Wednesday, October 22, 2014

Boredom? Anxiety? Despair?

Veteran Jeffrey Adams and his service dog Sharif

How absurd men are! They never use the liberties they have, they demand those they do not have. -- Soren Kierkegaard
I asked a question yesterday, and unfortunately, I don't have the philosophical chops to answer it, or to even moderate a discussion of the topic.

Is there a common thread running through these news items?

* Dutch biker gangs travel to the Middle East to fight against ISIS
* Western Jihadi wannabes travel to the Middle East to join ISIS
* College children bust up a New Hampshire pumpkin fest
* Idiots rush to Ferguson hoping to start a revolution
* Adults fighting over sporting events, from Pee Wee League to NFL games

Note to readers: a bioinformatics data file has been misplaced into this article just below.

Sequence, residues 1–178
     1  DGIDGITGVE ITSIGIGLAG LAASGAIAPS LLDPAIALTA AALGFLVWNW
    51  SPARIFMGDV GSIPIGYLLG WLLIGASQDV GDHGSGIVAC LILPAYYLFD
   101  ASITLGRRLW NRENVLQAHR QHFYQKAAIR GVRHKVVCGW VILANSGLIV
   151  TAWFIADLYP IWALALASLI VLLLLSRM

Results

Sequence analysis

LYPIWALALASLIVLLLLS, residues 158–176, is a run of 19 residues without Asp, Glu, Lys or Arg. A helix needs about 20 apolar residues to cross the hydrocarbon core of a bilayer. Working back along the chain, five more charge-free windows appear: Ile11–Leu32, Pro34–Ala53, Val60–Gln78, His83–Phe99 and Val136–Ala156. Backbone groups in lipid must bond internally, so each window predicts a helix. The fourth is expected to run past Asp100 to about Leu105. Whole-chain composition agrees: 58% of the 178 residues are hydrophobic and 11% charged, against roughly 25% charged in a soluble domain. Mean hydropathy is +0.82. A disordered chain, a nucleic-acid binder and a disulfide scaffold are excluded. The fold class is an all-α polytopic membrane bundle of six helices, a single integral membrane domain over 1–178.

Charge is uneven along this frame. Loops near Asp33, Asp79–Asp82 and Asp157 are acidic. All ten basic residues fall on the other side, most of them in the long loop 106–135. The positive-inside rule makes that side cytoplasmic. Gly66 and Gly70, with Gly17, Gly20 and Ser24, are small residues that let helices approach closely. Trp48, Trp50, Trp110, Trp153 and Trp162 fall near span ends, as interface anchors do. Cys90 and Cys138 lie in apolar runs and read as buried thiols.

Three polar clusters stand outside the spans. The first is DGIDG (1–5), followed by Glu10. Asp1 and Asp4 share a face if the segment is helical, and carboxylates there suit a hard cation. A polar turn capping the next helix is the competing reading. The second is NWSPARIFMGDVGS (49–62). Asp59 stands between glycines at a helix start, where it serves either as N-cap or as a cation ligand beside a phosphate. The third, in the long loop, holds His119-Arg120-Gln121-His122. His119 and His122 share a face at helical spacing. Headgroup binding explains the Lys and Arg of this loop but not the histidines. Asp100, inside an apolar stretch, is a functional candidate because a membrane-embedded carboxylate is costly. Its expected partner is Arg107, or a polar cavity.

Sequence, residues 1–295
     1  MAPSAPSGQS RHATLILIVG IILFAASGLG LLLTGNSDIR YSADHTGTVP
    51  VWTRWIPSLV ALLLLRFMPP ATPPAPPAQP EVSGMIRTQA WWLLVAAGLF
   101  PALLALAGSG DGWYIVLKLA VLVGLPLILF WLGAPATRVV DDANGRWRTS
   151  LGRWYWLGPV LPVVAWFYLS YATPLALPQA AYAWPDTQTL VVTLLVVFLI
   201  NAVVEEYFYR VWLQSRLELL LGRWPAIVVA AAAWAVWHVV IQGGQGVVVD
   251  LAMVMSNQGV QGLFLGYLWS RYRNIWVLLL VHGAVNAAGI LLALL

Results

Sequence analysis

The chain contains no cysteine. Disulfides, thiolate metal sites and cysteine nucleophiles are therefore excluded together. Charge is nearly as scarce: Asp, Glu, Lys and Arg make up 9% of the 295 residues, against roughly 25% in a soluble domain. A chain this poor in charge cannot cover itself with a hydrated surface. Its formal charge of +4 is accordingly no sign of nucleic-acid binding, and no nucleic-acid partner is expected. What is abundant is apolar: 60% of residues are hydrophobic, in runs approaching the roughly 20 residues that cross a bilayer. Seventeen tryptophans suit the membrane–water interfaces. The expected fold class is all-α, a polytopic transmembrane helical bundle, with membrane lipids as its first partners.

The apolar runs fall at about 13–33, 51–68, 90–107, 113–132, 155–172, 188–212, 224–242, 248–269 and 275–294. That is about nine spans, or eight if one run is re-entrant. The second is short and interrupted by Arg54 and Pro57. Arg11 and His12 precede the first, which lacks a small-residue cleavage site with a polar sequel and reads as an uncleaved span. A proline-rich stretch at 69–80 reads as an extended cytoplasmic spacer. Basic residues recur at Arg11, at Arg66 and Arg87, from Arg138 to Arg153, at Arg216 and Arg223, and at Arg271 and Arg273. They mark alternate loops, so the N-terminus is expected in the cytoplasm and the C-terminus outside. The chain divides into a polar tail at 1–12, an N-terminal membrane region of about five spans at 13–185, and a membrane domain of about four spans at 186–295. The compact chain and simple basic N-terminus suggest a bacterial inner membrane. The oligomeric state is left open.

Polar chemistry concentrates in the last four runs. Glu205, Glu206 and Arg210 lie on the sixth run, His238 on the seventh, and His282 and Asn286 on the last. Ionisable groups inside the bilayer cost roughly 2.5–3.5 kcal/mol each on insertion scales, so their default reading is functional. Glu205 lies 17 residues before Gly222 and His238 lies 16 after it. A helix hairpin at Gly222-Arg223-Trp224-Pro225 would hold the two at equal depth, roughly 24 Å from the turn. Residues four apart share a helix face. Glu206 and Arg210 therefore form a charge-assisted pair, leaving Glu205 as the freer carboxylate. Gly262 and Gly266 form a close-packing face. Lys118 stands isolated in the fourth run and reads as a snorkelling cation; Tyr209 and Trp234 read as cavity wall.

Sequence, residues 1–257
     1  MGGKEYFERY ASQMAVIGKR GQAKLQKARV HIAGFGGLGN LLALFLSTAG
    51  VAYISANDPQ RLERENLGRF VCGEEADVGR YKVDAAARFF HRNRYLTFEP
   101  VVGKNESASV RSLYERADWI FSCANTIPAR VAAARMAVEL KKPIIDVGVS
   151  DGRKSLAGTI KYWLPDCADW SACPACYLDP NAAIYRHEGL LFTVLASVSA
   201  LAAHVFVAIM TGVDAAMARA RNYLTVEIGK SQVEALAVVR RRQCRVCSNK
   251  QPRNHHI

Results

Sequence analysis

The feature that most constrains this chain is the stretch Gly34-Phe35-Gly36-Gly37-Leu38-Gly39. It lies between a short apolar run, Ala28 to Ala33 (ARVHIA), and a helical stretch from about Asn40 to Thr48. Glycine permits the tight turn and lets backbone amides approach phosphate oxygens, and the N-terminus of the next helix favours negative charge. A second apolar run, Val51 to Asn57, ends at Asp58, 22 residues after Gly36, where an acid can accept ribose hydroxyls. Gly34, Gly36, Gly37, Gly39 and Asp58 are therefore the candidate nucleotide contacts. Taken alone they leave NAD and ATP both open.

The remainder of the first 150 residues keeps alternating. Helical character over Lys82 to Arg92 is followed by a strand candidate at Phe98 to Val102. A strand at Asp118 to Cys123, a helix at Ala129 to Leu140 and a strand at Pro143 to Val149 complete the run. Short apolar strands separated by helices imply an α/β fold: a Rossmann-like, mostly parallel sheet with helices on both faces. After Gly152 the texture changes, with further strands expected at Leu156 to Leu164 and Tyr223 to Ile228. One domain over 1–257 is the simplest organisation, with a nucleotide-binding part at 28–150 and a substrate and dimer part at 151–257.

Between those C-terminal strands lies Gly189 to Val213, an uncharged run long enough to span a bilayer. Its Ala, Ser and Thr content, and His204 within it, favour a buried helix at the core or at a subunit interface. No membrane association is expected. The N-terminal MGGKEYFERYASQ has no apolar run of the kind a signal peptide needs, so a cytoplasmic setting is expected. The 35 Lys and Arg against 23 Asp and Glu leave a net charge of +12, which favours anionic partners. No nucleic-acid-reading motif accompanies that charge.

* The number of 'causes' people become passionate about continues to grow
* An explosion of offense-taking and demands for apology
* A continued increase in psychotropic drug use, including antidepressants

Could it be an existential crisis?  A search for meaning?

All I have are three quotations from proto-existentialist Soren Kierkegaard:

Boredom is the root of all evil - the despairing refusal to be oneself.

Anxiety is the dizziness of freedom.

The most common form of despair is not being who you are.

For many, perhaps life has no meaning outside of their immediate existence. What is the value of a life that revolves around itself and is lived only for itself?

I could be way off base, but people who study this stuff tell us that a common human desire is to be a part of something bigger than ourselves, to belong to a cause that transcends who we are.

Institutions are crumbling around us, as is our belief in them. Where does one turn?

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